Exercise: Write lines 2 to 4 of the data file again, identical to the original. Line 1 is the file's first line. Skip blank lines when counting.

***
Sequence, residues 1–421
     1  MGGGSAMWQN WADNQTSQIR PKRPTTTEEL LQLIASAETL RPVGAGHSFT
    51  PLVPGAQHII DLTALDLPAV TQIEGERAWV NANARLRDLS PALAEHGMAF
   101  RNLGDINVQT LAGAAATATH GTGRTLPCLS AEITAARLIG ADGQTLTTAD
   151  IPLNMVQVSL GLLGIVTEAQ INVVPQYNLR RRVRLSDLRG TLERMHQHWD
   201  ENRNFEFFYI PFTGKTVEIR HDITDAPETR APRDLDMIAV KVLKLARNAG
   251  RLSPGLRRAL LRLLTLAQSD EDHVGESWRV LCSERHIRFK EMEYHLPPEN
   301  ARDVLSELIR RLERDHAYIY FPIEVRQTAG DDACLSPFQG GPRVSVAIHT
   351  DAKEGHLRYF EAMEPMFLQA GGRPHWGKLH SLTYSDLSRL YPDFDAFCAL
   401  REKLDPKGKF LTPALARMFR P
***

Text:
     1  MGGGSAMWQN WADNQTSQIR PKRPTTTEEL LQLIASAETL RPVGAGHSFT
    51  PLVPGAQHII DLTALDLPAV TQIEGERAWV NANARLRDLS PALAEHGMAF
   101  RNLGDINVQT LAGAAATATH GTGRTLPCLS AEITAARLIG ADGQTLTTAD